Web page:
Strategy & MarketingMedia ProductionChristian Media

What Religious Broadcasters Can Learn from Ginsu Knives

Whether we like to admit it or not, nearly every religious broadcaster – and most ministries and nonprofits – have produced a dreaded “infomercial.” Remember those late night programs that sell everything from miracle bald spot reducers, to anti-cellulite cream? That’s right – we’ve done them – we’ve just promoted different products or causes. Because anytime you’ve offered a book, tape, or other product with a toll free phone number, you’ve experienced what we call “Direct Response Advertising,” which could be translated to mean: the technique of getting people to act now. In the advertising world, there are four types of commercials and full length programs:

1) Image / Awareness Advertising: This is where companies like Nike, AT&T, Budweiser, and FedEx excel. For instance, FedEx knows when they broadcast a commercial, you’re not going to run out the door, get a FedEx package, and send it to some friend in Cleveland. But they do know they are “positioning” the product in your mind. That’s because in the image advertising world we operate from what we call “impressions”. Research differs, but it generally takes 17-23 impressions before someone is likely to walk into a store and say, “I’m going to buy those Nike tennis shoes.” Impressions could be a print ad, a billboard, a TV spot, or a radio commercial, and when they add up, buyers act.

2) Evangelism: The Mormons probably do this better than anyone. They put more money and effort into it on a national basis, largely because they’ve learned how to get individual churches to work together and pool their financial resources to make spots that are compelling, high budget, and effective. Numerous Christian organizations have tried it, and some with positive results, but none with the overall effect and impact of the decades long Mormon campaign.

3) Public Service Advertising: This is an area of advertising that churches and ministries could use to address social service issues. Areas of concern like feeding the hungry, caring for the homeless, drug abuse, or dealing with gangs are all examples of issues that public service ads address. Generally, TV and radio stations broadcast these spots for free, because they address important issues and don’t promote one particular organization, company, or faith. But I would also encourage you to produce public service spots with real quality, because secular production companies in Hollywood and advertising agencies in New York are doing these spots for free, and they’re creating them to win awards and recognition, so the competition is really tough.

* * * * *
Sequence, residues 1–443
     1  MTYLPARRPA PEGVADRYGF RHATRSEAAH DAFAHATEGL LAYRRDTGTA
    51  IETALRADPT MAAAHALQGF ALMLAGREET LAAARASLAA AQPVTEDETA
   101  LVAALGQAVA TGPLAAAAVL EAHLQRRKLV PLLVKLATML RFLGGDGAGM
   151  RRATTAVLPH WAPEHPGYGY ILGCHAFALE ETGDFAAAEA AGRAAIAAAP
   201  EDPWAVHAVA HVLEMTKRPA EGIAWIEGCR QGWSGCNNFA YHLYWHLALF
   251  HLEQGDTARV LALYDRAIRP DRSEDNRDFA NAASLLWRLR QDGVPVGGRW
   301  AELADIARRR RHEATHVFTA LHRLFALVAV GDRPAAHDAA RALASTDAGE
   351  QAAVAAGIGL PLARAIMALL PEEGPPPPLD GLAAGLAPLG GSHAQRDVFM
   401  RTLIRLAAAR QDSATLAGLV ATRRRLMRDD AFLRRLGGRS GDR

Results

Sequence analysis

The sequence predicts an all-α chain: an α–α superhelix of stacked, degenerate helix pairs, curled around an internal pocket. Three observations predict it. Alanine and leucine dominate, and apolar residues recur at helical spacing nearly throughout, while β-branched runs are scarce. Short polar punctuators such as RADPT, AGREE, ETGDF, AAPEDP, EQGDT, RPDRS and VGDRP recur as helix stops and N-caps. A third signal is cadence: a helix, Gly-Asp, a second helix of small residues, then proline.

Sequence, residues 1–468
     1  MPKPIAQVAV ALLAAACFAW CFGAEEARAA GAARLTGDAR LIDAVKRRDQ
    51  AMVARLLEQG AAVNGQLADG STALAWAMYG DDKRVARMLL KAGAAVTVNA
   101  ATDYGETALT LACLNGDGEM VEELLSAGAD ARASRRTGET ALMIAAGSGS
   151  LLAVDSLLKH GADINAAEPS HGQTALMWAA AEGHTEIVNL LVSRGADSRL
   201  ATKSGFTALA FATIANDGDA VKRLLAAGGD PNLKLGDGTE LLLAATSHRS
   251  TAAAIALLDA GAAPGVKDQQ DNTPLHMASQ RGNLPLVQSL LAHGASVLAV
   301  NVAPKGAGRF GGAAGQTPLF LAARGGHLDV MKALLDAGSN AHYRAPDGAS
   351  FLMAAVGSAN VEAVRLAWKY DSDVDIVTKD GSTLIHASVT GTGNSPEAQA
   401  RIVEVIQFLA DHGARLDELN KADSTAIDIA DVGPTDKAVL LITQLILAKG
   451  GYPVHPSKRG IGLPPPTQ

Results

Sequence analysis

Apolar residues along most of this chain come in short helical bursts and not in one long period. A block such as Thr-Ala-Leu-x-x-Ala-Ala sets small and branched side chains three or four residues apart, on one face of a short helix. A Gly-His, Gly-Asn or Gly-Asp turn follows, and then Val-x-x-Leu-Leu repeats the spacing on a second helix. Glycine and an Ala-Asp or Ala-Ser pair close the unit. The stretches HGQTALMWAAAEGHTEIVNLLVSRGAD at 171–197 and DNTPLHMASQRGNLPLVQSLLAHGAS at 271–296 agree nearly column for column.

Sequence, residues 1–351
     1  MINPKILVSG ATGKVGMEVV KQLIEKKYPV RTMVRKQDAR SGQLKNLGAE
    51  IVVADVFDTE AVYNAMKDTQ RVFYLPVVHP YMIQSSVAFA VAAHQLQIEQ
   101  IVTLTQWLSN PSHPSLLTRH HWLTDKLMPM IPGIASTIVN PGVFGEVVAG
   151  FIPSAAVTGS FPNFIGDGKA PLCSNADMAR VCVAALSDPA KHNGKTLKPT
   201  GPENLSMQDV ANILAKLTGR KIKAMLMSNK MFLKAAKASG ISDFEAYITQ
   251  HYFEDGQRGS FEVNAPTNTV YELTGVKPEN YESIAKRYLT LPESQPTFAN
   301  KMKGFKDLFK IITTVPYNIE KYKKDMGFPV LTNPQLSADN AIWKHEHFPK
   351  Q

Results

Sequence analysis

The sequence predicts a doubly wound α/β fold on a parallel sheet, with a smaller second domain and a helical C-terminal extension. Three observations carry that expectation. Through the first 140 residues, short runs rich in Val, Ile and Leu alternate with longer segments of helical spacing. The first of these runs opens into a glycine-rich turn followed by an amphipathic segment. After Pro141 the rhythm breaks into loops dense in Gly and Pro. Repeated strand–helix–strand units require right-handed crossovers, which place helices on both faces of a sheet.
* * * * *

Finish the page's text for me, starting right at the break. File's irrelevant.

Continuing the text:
4) Direct Response Advertising: If image advertising plants a seed in the mind of the viewer or listener, then direct response wants them to act now. This form of advertising used to be the ugly step child of image advertising, but today, companies across America have discovered that DR works, and can generate phenomenal results.

As faith-based broadcasters and producers, we should explore all areas of advertising and promotion, but the fact is, in religious media we live in a direct response world. Chances are, your church or ministry won’t convince Nike to sponsor your program, so we need to understand how the audience will respond directly to our message through offering books, tapes, or other products and services. In other cases, audiences will give because they want to support your vision – regardless of receiving anything in return.

But the world has changed from the old days of cheesy infomercials. So to make that happen effectively now, here are the critical keys to successful direct response advertising:

1. Direct response works in multiple formats. Most of us immediately think of TV infomercials: Popiels Pocket Fisherman, Ginsu Knives, the George Foreman Grill, or miracle tools or personal care products. But the fact is, direct response works extremely well in print and on the radio too. Direct response is simply presenting a product or service, and then putting up a phone number and web site to encourage people to contact you immediately. So you can do it in print and radio, and do it far cheaper in those media, so don’t forget those alternatives when thinking of direct response.

2. Testimonies are the focal point of an effective direct response campaign. I’ve discovered that the audience can hear a program host talk until he or she is blue in the face, but when they see the testimony of someone who’s life was changed because of the product, that’s when they decide, “Wow! If it works for that guy, maybe it can work for me.” (Are you paying attention, pastors, evangelists, and Christian program hosts?)

We know that phone calls generally spike up during testimonies, because that’s when it hits home to people, and they respond. So whether it’s a secular infomercial and they see a housewife use the George Foreman Grill effectively, and they think “If it’s that easy for her, then I’m going to order it.” Or, whether it’s a Christian program, testimonies are absolutely critical. So start right now finding partner letters, testimonies, or interviewing people in your church or ministry – you could even have a little booth in the back, and announce, “If this church or ministry has made a real impact on you or someone you know, tell us about it.” Interview these people and put them on your program, because it will make a huge impact on your media outreach. Testimonies are absolutely critical.